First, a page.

Save over $800 with this Tutorial: DIY Hammered Dome Pendant Light
Ladies, have you ever purchased something solely based on the fact that it looked awesome, only to find out later that (while pretty) it maybe wasn't the best option after all? It's the age old question...form or function? And while our male counterparts will almost always opt for function, us ladies are hardwired to instinctively lean toward form. Am I right? Case in point...while bargain shopping for lighting for our house, I found a ceiling fan with light that was PERFECT for my husband's office. It was was unique, masculine, brought in the same feel as the light in my inspiration room, and get this-it was on clearance! Meant to be, right? I thought so. Which is why I ignored my husbands suggestion that the tiny, little light bulb might not be enough to properly illuminate the room. The electrician installed it, and it looked great...until night fell and we soon realized that my husband was right. Ugh, how I hate it when that happens. After years of complaints, I finally found the perfect replacement at Shades of Light. Only too bad for me, because it was priced at $870! Yowzers, this DIY'er was having a major case of sticker shock. It was time to find an old cast- off somewhere and work my magic.
While out junking this summer, my daughter and I found this old pendant light and I saw some potential. Not quite as large as the Hammered Steel Dome Pendant from Shades of Light, but close enough for my liking. I picked it up for less than $5, brought it home and wiped it down.
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With one hand holding the light in place, take a ball peen hammer in the other, and, using the rounded end, pound away. Start by striking the metal lightly and increase the intensity of your strikes slowly (so that you don't whack too hard and damage your light) as you go. You'll be amazed at the arm workout you will get doing this. It is also a very noisy part of the project, so be sure and grab yourself some ear protection. Work your way around the entire surface of the light, getting as many dings in is as you possibly can.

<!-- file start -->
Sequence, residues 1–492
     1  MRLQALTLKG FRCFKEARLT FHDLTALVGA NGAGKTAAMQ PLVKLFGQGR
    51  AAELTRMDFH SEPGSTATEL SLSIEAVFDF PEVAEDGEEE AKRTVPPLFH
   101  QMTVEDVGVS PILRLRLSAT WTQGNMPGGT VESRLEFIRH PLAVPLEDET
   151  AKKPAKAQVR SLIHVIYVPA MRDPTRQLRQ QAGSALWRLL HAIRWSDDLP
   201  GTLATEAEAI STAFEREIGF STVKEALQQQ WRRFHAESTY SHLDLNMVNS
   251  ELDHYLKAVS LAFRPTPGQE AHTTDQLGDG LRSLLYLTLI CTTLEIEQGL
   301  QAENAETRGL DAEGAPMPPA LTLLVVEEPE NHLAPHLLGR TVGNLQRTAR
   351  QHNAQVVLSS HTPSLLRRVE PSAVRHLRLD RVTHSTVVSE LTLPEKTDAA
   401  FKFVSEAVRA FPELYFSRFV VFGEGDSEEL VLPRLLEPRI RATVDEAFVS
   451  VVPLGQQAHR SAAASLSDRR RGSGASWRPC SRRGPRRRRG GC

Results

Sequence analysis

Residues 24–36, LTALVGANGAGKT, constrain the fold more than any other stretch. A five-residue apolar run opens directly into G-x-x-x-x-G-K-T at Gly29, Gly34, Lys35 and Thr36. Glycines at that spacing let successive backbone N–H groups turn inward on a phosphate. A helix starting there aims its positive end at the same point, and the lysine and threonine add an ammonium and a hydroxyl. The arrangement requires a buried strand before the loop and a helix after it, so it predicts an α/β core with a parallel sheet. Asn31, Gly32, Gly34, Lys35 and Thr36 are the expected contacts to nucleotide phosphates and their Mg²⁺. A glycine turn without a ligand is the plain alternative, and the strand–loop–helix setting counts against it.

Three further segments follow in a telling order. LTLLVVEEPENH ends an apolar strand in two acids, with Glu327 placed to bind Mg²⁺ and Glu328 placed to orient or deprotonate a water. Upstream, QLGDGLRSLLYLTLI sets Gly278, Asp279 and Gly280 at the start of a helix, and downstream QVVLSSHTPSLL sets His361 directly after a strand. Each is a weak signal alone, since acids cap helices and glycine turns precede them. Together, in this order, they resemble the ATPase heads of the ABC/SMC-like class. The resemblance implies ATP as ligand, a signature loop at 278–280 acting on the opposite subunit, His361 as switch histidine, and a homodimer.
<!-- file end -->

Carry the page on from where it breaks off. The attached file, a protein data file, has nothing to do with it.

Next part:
Spray paint the outside of your light with Rust-Oleum Hammered Silver spray paint. Be sure to spray the chain, and canopy as well. Allow to dry.
Turn the light upside down, and apply painters tape to the rim to attach some paper (to protect your newly painted silver pendant), then blast the inside with a coat of your favorite metallic gold spray paint. Allow to dry, then remove tape and paper.
Give your pendant that darkened, aged finish with a little black craft paint, paint brush (or foam brush), and paper towels. Working in small sections, apply paint to the pendant. Be sure and get the black paint into all of the dents and crevices, then quickly wipe off the paint with a paper towel (leaving behind black paint in the low spots). This is where you can have fun with it...go as light or as dark with the paint as you like, to achieve a look that you are happy with. I always like to leave some heavier spots along the edges to get a nice authentic look.
Install that sucker and enjoy the fact that you saved yourself a ton of money!